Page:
This has started me thinking again about the way that mankind persists in mimicking nature. As a species we are inherently contradictory; on the one hand we struggle to control and gain power over the natural world, shaping it to suit our needs, and yet at the same time we place nature on a pedestal, forever reproducing and recreating it for our own pleasure. Think of the smell of a flower captured artificially in perfumes and air fresheners, pine forest bleach, artfully arranged plastic 'blooms' in a hotel foyer and stunted trees cropped to suit the restricted growing space of an urban street. Or look to the extreme example of The World; fake islands constructed in the shape of countries and continents and arranged in the shape of the world off the coast of Dubai.
When I compare these man-made endeavours (which somehow always retain an aura of 'fakeness' no matter the skill of the craftsman) to the real, nature-made wonders of the world, I can't help but notice that in general we seem to prize our own attempts at recreating nature above and beyond nature itself.
I've been contemplating this seriously ever since attending a discussion event at Arcade Cardiff last week. 'Don't Bite the Hand that Feeds' formed part of the 'Rising Tide' exhibition by the artists Catrin Davies and Lewis Wright, Ingrid Schildermans and Matthew Macaulay. The premise of the show was essentially to consider/highlight mankind's utilisation and replication of nature to suit our own ends. As part of the discussion, a lady from the Red Kite Feeding Centre in Bwlch Nant yr Arian, Ponterwyd had been invited to participate. She helps to operate a feeding programme for Red Kites which has essentially ensured the survival of the species in the 'wild'. This, as a result, has altered the course of natural selection for by providing regular food the principle of 'survival of the fittest' no longer applies. Injured and deformed birds now thrive alongside their evolutionally perfect counterparts. If the feeding programme was removed most of these artificially sustained birds would die as there are insufficient natural food supplies to sustain their population. This interests me greatly for it illustrates the full extent of man's hand in nature, and that how even what appears to be commendable and 'natural' on the surface has been shaped by our input. Even the hills and fields of the 'untouched' countryside are unnaturally green and shaped by generations of farming.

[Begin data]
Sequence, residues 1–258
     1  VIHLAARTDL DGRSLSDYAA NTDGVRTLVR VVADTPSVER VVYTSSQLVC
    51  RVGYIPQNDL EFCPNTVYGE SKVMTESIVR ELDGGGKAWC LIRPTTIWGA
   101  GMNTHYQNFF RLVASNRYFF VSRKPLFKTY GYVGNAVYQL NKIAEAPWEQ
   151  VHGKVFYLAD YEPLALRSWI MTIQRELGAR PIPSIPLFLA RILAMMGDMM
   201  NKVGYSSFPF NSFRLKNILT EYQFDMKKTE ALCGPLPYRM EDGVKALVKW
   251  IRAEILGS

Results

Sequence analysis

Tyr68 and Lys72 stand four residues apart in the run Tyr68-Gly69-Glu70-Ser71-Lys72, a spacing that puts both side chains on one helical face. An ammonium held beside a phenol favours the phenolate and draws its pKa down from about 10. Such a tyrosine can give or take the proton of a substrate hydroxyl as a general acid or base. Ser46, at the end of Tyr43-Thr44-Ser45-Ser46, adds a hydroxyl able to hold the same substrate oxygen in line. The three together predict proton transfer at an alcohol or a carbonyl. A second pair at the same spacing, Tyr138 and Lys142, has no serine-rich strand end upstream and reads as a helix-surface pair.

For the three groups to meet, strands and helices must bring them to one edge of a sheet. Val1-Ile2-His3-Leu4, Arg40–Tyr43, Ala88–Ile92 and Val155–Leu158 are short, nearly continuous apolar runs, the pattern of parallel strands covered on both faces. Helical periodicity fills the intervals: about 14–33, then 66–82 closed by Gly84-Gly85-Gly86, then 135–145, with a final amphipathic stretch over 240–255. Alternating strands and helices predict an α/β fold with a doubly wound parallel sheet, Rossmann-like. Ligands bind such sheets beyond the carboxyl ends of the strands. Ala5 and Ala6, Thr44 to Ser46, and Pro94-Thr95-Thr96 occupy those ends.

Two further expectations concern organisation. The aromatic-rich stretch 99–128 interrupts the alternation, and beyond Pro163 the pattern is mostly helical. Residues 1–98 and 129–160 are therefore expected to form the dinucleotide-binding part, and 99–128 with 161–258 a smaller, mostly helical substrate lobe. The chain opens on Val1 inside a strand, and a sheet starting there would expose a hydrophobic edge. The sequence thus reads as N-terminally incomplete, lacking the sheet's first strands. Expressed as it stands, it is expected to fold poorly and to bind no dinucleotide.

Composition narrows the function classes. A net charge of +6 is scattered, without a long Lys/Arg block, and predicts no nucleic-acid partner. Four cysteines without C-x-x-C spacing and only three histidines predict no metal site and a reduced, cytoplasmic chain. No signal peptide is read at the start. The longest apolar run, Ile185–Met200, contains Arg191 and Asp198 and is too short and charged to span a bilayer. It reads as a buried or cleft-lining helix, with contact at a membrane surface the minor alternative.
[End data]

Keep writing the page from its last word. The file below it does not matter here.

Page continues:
So I guess my resin experiments fit comfortably into this theory, for at the moment the outcomes seem to be the creation of a superior, technicolour mimicry of nature. My own tough, more robust Super-Nature. And somehow I remain captivated by this quest and powerless to move on.